What is an “evangelical?” Is there even such a thing? If one were to look at the vast spectrum of people who call themselves evangelicals, one might be tempted to say that there isn’t. Yet somehow, this moniker can’t simply be shaken off. People keep on calling themselves (and other) evangelicals. It’s a sociological-theological-historical term that I believe should not be abandoned. Even though its definition as a sociological reality is being stretched beyond recognition, there is such a thing as being a “mere” evangelical. And whatever it means to be a “mere” evangelical is defined by God’s word and God’s act.
In their most recent book, Theology and the Mirror of Scripture: A Mere Evangelical Account, Kevin Vanhoozer and Treier (V&T) have attempted to give an account of what such a “mere evangelical” theology might be. By the looks of their endorsers on the back of the book it would seem as though they have given a satisfactory account.
According to V&T mere evangelical theology begins with theological ontology, specifically with the Trinitarian God of the gospel. It begins with the economic Trinity which mirrors the immanent Trinity. However this Trinitarian God who reveals himself in history is not know to us apart from Scripture. So V&T also argue that the biblical testimony yields knowledge of this Triune God because it mirrors who this God is. As V&T say, there is truth and authority in this mirror. Mere Evangelical theology is focused on the God of the Gospel and the Gospel of God. God himself is the light. Scripture is a mirror of that light. Tradition is a mirror who’s light is not from itself but is derivative from the light of God reflected through scripture.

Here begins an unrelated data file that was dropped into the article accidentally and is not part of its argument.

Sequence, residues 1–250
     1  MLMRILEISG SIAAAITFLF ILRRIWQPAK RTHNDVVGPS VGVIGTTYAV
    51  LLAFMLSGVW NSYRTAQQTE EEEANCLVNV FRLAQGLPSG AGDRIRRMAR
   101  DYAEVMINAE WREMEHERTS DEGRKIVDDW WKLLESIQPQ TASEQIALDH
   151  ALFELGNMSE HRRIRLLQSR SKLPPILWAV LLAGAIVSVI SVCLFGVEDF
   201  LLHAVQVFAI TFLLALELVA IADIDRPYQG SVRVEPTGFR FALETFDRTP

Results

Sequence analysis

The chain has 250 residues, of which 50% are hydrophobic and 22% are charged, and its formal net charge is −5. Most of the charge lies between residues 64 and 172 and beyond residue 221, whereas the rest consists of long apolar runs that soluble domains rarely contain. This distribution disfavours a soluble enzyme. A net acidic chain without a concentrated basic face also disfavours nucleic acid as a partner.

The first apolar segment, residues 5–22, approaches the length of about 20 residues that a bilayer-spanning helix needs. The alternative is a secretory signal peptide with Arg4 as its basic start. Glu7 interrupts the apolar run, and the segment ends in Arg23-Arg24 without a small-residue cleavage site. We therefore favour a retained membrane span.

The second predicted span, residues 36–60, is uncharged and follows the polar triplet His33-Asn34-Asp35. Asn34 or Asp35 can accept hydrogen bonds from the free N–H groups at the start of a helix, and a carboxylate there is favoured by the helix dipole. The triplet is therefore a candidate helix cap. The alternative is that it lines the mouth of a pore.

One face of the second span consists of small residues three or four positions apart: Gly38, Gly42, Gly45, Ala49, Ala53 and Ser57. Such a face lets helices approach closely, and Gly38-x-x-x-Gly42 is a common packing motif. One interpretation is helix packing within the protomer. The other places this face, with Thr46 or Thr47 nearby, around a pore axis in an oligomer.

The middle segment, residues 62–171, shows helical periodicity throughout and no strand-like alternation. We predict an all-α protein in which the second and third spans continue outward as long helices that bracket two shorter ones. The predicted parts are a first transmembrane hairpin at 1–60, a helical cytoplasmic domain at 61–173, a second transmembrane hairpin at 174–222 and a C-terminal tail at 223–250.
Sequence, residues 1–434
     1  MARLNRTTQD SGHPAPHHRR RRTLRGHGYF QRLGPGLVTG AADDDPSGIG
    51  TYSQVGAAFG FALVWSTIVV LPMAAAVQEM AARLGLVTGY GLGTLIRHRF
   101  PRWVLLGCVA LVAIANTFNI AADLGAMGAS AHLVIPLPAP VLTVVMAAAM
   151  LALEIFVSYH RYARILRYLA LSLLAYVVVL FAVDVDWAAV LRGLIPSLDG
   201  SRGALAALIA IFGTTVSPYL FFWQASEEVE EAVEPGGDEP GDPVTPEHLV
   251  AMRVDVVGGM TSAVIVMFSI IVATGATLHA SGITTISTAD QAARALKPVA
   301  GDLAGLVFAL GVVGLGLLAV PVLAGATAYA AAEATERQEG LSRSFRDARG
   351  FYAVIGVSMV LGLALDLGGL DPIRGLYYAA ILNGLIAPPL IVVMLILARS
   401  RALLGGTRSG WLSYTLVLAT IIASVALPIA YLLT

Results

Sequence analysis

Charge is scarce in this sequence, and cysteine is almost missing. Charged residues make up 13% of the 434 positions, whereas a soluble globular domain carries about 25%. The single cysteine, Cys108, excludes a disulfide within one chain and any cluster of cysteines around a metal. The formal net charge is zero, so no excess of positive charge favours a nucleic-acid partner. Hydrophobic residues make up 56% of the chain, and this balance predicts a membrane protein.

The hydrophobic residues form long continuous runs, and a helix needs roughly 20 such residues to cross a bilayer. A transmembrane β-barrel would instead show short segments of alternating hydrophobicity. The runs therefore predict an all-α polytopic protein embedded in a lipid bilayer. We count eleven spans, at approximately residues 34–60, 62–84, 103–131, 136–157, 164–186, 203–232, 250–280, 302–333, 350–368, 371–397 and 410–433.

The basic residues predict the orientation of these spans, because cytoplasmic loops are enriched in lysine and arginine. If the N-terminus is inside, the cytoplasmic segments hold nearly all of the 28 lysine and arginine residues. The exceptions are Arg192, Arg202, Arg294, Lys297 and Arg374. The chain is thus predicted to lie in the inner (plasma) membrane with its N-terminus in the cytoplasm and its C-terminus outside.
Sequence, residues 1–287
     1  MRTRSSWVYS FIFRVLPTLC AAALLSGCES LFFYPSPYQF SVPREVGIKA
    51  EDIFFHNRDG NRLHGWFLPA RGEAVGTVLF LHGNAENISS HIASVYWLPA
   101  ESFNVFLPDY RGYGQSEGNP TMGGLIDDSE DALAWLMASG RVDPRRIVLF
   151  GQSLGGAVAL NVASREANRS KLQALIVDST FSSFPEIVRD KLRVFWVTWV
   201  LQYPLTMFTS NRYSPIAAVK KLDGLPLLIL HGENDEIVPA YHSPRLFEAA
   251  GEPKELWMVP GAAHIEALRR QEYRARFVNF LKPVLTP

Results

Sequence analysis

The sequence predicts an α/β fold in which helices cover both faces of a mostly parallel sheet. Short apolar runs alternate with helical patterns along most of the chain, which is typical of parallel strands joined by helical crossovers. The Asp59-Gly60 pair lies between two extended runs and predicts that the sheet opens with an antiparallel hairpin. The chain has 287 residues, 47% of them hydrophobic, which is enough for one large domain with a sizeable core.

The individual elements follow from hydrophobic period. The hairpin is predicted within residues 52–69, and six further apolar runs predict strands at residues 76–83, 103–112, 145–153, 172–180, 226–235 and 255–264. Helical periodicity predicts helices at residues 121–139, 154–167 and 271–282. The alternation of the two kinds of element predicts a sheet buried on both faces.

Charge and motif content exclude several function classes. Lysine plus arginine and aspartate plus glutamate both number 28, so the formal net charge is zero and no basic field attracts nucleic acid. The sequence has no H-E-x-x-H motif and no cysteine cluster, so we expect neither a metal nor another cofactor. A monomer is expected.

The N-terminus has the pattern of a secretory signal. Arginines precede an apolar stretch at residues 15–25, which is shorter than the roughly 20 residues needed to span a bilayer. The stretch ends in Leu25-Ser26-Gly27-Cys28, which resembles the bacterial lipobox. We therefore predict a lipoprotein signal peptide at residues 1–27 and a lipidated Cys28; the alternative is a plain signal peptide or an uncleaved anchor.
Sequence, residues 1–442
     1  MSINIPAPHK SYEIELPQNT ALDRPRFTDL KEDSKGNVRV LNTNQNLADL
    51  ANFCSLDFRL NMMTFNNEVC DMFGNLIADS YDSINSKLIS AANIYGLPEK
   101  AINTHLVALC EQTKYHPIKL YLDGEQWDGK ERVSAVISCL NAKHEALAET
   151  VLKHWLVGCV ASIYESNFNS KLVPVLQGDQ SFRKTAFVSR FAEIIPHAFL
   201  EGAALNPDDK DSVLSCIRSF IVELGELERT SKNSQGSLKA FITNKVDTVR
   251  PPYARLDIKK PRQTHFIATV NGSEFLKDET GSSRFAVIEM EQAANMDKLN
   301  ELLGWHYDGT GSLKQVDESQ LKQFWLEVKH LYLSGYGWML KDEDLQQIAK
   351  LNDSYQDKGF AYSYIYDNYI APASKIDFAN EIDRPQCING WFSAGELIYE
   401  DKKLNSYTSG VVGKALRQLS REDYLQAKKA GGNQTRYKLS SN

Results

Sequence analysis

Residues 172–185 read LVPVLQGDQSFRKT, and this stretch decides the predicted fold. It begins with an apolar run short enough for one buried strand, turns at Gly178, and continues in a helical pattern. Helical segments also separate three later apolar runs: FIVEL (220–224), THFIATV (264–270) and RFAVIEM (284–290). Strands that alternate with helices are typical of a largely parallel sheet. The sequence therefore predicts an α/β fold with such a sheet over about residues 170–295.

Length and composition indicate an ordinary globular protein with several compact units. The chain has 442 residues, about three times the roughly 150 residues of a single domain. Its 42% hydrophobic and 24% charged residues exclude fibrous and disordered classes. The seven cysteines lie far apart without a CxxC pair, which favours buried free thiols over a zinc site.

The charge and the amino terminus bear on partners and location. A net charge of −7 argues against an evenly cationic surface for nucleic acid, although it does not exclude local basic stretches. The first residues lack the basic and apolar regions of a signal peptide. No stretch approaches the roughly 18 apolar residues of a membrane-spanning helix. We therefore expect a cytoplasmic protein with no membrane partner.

The second part of this book relates V&T’s theological ontology and mirror metaphors to various theological practices – specifically the interpretation of scripture, the role of tradition, and the role of scholarship in the church.
What unites V&T’s proposal for mere evangelical theology is the metaphor of “mirror” which is scattered throughout the book. I believe this is a helpful metaphor which (at least for me) helped me make sense of the ontological priority of God in doing theology and the primacy of scripture. But where it made things most clear for me is in the role of tradition in doing theology. Calling tradition a mirror was a helpful move, for it emphasizes that it still reflects the true light, yet in some derivative way which is not foolproof from distortions.
V&T’s proposal for thinking of theology as a mirror of the God of the Gospel and the Gospel of God is a very useful metaphor, it even has implications for ecclesiology, for one might even say that the Church and local churches are also mirrors of the God of the Gospel/The Gospel of God.
Overall, I highly recommend this book by two able theologians who have devoted much work to theological prolegomena. It fits right alongside Swain and Allen’s Reformed Catholicity as a book which addresses how to be reformed and evangelical while doing theology within the context of “mere” Christianity.
(Note: I received this book from IVP in exchange for an impartial review.)